Happiest Season

Clea DuVall’s new film “Happiest Season” follows the well trodden route of a young loved up person introducing their new partner to their parents, ranging from “Guess Who’s Coming to Dinner” back in 1967 and later resulting in “Meet the Parents”, “The Family Stone” and even “Shrek 2”. It’s a fun, reliable premise and lays the way for plenty of farcical situations, jolly old misunderstandings and at least one pet related mishap or somebody falling off a roof. It’s been done plenty of times before, but adhering to a historically successful plot structure isn’t anything without a good script, memorable characters and a good bit of heart. Going into “Happiest Season”, I was worried that it was going to be a pale imitation of the films I mentioned earlier, relying entirely on the fact that the lead couple is gay to carry the story. Luckily, “Happiest Season” is heartfelt, funny, festive and while it may not quite result in the lasting legacy of something like “Meet the Parents”, is still a genuinely entertaining time.

Young couple Abby (Kristen Stewart) and Harper (Mackenzie Davis) are living it up in New York with the seemingly perfect relationship, so much so that Harper invites Abby to spend Christmas at her family home. Just before arriving, Harper tells Abby that she hasn’t come out to her parents yet because of her father’s (Victor Garber) upcoming mayoral campaign and that she’s told them that Abby is her straight roommate who was orphaned at a young age. Abby, alongside the rest of Harper’s family spend the week attending dinners and balls in the lead up to Christmas, all the while maintaining that she and Harper are just friends.

From the beginning we know that Abby and Harper will end up together and that the family will eventually accept Harper and Abby and come to love Abby and that Christmas Day will be snowy and cosy and beautiful. That doesn’t matter, this is the kind of movie where we don’t want or expect too many deviances from the traditional formula. I still maintain that Stewart is overrated and wooden and here is no exception to that; she’s awkward and charmless and completely boring on screen, but strangely it works to a degree for a film like this. The film is full of vivacious and distinctive characters who are responsible for the majority of the jokes, so by casting someone passive and uninteresting like Stewart, the rest of the cast is able to really shine and all she has to do is look uncomfortable at their antics. It’s painfully obvious when Stewart is alone on screen and it probably still would have been better if they had gone someone with a personality but luckily it didn’t ruin the whole thing.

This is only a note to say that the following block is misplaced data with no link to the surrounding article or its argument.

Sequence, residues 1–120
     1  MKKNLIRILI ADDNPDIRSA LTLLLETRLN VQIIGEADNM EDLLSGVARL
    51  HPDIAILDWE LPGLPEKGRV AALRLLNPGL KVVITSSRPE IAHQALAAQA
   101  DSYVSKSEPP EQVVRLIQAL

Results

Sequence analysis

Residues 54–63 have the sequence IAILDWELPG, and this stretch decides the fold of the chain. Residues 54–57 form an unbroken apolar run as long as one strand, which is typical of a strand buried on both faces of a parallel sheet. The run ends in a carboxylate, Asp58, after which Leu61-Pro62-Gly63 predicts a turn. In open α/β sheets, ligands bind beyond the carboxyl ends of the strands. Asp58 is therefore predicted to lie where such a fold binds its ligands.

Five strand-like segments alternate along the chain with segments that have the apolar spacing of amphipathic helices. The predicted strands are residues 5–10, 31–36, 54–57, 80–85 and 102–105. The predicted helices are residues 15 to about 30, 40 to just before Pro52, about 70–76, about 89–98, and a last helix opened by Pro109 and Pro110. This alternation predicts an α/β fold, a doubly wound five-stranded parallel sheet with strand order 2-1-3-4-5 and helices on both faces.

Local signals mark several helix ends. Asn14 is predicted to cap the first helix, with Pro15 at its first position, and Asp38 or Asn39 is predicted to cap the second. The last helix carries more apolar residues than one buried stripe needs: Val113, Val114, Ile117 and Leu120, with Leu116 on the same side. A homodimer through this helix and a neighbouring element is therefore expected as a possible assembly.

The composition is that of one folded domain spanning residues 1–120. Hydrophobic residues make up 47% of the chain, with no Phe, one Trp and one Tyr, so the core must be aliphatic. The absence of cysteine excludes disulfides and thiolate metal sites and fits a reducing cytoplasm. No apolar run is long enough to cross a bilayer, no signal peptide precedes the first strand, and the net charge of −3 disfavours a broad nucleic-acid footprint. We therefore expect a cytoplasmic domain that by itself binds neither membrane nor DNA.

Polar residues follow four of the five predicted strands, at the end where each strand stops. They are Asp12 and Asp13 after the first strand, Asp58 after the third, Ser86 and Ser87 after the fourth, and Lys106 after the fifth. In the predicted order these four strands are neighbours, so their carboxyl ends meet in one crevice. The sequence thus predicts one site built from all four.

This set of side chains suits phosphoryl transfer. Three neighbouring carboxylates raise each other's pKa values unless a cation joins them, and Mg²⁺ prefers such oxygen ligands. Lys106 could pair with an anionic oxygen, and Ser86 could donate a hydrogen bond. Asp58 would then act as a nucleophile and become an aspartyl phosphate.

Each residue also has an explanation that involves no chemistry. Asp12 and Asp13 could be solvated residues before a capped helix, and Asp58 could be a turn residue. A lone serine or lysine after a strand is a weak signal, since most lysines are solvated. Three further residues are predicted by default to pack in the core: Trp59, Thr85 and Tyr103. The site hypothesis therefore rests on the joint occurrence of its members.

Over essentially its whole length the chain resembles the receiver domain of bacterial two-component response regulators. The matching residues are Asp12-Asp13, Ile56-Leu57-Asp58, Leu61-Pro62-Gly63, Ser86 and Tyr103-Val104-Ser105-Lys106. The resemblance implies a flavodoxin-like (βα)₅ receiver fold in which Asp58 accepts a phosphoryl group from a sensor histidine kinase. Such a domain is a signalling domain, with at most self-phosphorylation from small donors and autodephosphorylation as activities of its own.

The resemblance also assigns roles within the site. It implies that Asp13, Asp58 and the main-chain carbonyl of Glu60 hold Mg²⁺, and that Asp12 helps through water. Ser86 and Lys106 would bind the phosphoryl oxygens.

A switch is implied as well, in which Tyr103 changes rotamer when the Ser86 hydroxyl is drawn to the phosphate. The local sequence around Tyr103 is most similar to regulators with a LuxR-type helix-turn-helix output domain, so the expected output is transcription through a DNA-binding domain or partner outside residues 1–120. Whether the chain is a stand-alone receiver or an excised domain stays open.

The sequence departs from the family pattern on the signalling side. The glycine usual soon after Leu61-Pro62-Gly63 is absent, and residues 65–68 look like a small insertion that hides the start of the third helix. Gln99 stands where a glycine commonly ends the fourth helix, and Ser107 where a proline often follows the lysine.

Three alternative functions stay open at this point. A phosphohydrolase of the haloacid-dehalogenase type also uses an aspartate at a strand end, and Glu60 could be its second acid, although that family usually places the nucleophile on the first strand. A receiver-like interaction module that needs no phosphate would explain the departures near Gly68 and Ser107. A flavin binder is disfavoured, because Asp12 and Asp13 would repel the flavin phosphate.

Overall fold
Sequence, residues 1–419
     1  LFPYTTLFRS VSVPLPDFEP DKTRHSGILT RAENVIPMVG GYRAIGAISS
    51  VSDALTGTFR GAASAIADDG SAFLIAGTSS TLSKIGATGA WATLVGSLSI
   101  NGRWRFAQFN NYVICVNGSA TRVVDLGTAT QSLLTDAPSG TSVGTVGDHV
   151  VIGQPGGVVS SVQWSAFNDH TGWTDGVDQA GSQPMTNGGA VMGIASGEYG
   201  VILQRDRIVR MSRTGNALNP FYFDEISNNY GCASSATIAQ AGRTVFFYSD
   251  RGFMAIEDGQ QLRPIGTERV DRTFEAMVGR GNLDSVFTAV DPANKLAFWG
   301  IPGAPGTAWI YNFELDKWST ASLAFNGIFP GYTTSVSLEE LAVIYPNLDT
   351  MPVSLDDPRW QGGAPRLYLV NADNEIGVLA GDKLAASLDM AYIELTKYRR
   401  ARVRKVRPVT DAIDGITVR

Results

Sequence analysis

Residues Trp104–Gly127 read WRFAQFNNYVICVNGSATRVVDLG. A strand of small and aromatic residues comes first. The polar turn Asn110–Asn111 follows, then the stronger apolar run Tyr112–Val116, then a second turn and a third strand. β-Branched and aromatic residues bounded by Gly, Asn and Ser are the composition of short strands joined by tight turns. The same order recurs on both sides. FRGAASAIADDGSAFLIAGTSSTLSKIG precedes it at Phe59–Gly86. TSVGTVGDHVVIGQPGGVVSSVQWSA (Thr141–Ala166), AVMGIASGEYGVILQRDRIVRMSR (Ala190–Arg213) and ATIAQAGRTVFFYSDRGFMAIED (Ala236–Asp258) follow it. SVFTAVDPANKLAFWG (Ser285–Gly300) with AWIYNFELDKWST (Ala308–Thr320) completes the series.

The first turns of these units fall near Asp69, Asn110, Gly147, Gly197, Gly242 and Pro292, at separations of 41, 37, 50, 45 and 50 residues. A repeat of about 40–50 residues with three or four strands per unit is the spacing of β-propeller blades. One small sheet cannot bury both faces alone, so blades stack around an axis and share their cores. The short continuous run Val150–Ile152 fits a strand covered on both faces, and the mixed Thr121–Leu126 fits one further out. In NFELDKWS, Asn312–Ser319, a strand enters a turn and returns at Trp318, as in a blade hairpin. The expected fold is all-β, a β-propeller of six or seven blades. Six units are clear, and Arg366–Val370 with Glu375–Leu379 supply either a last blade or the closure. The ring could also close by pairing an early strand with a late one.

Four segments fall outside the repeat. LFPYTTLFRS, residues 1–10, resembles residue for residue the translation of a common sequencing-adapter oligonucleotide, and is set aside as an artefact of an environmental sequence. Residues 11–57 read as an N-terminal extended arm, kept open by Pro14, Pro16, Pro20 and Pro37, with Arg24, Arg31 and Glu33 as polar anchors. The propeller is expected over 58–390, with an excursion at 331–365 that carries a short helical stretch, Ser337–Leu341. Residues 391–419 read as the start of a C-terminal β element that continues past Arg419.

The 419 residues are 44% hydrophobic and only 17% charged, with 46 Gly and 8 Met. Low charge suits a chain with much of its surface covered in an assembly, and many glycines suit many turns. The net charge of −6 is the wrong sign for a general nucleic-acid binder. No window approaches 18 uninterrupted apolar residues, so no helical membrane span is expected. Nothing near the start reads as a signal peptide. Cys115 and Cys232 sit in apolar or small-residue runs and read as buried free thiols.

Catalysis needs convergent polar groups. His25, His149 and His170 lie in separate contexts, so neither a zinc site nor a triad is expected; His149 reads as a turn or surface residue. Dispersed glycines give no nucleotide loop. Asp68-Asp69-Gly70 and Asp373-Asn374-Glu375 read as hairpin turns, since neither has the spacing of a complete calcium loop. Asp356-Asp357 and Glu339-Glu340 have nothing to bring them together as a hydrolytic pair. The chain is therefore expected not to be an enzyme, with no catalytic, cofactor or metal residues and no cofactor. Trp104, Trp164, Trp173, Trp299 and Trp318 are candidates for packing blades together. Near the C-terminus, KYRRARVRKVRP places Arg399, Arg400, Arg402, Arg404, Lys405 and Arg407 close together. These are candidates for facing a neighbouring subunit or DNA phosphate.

There are a couple of missed opportunities throughout and some of the later jokes fall a little flat but overall this is a genuinely funny movie. Mary Holland as Harper’s oddball but sweet-natured sister Jane is particularly hilarious, and absolutely deserves the reaction she’s been receiving (I snorted my drink through my nose when Abby arrived and Jane pulled her into a hug to tell her how brave she was for being an orphan). Mary Steenburgen is likewise fun as Harper’s mother (“Don’t worry sweetheart, I once took too many Ambien and bought a racehorse online”) while Alison Brie is cold and sarcastic as Harper’s older sister Sloane and drips with patronising venom as she explains that her business creates personalised gift experiences, not gift baskets. I think Dan Levy was wasted a bit as Abby’s gay best friend John, though he did have a couple of nicely placed zingers and delivers a genuinely moving little speech towards the end of the film about how each person’s “coming out” journey is different and unique to them. Aubrey Plaza makes a nice appearance as Harper’s ex girlfriend Riley who was shunned by the town when Harper denied having a relationship with her and outed her as gay and obsessive instead.

This is where the central premise is pushed a little bit; maybe if the film had been set in the early 2000s or even as early as ten years ago I could see the whole plot point of Harper concealing her sexuality for the sake of her father’s political campaign making sense. In 2020, it just doesn’t, especially since Harper’s family seems to be based in Konneticut (a distinctly liberal region of the States), in a town which has its own drag bar which Abby and Riley visit and is absolutely pumping. It doesn’t seem to be set in a particularly religious or oppressive town and at no point in the film are the parents hinted at being even overtly old fashioned in this sense. In fact it would be far more likely that a political candidate in the climate depicted in the film would jump at the opportunity to support their gay child and be seen as an ally of the LGBT community. So in this sense the story is a little disingenuous, but its a small quibble and completely forgivable considering how well the film portrays the themes surrounding homosexuality and acceptance.

I enjoyed “Happiest Season” a lot, and is something I would happily see added to the list of Christmas themed holiday titles. I like these kind of screwball sort of romantic comedies and its always better when the story has a genuine heart to it, which thanks to a sweet script and a believable and infectious supporting cast, “Happiest Season” has in spades.

By Jock Lehman

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